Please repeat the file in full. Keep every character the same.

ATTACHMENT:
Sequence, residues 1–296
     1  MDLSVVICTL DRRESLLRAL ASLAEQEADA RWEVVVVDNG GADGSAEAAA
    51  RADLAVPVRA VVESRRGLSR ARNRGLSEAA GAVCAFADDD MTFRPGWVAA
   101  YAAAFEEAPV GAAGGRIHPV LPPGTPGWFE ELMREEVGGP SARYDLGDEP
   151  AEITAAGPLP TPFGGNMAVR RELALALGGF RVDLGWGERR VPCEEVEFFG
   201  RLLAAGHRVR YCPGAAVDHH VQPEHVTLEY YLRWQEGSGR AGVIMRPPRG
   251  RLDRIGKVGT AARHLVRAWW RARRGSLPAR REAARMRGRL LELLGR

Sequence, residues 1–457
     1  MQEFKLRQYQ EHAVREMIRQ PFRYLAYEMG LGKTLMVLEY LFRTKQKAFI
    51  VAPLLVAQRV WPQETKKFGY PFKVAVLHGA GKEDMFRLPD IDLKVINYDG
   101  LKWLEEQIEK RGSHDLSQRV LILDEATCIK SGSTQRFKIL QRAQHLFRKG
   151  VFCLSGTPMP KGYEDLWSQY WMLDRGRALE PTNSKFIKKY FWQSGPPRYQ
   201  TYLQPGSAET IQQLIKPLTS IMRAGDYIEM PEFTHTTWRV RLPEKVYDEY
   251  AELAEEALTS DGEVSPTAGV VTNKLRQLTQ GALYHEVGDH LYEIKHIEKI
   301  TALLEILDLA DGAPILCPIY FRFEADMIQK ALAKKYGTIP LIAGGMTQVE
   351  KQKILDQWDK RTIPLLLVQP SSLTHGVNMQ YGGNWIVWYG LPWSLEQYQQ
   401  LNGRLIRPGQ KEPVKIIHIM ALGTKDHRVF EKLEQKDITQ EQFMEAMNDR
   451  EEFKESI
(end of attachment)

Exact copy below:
Sequence, residues 1–296
     1  MDLSVVICTL DRRESLLRAL ASLAEQEADA RWEVVVVDNG GADGSAEAAA
    51  RADLAVPVRA VVESRRGLSR ARNRGLSEAA GAVCAFADDD MTFRPGWVAA
   101  YAAAFEEAPV GAAGGRIHPV LPPGTPGWFE ELMREEVGGP SARYDLGDEP
   151  AEITAAGPLP TPFGGNMAVR RELALALGGF RVDLGWGERR VPCEEVEFFG
   201  RLLAAGHRVR YCPGAAVDHH VQPEHVTLEY YLRWQEGSGR AGVIMRPPRG
   251  RLDRIGKVGT AARHLVRAWW RARRGSLPAR REAARMRGRL LELLGR

Sequence, residues 1–457
     1  MQEFKLRQYQ EHAVREMIRQ PFRYLAYEMG LGKTLMVLEY LFRTKQKAFI
    51  VAPLLVAQRV WPQETKKFGY PFKVAVLHGA GKEDMFRLPD IDLKVINYDG
   101  LKWLEEQIEK RGSHDLSQRV LILDEATCIK SGSTQRFKIL QRAQHLFRKG
   151  VFCLSGTPMP KGYEDLWSQY WMLDRGRALE PTNSKFIKKY FWQSGPPRYQ
   201  TYLQPGSAET IQQLIKPLTS IMRAGDYIEM PEFTHTTWRV RLPEKVYDEY
   251  AELAEEALTS DGEVSPTAGV VTNKLRQLTQ GALYHEVGDH LYEIKHIEKI
   301  TALLEILDLA DGAPILCPIY FRFEADMIQK ALAKKYGTIP LIAGGMTQVE
   351  KQKILDQWDK RTIPLLLVQP SSLTHGVNMQ YGGNWIVWYG LPWSLEQYQQ
   401  LNGRLIRPGQ KEPVKIIHIM ALGTKDHRVF EKLEQKDITQ EQFMEAMNDR
   451  EEFKESI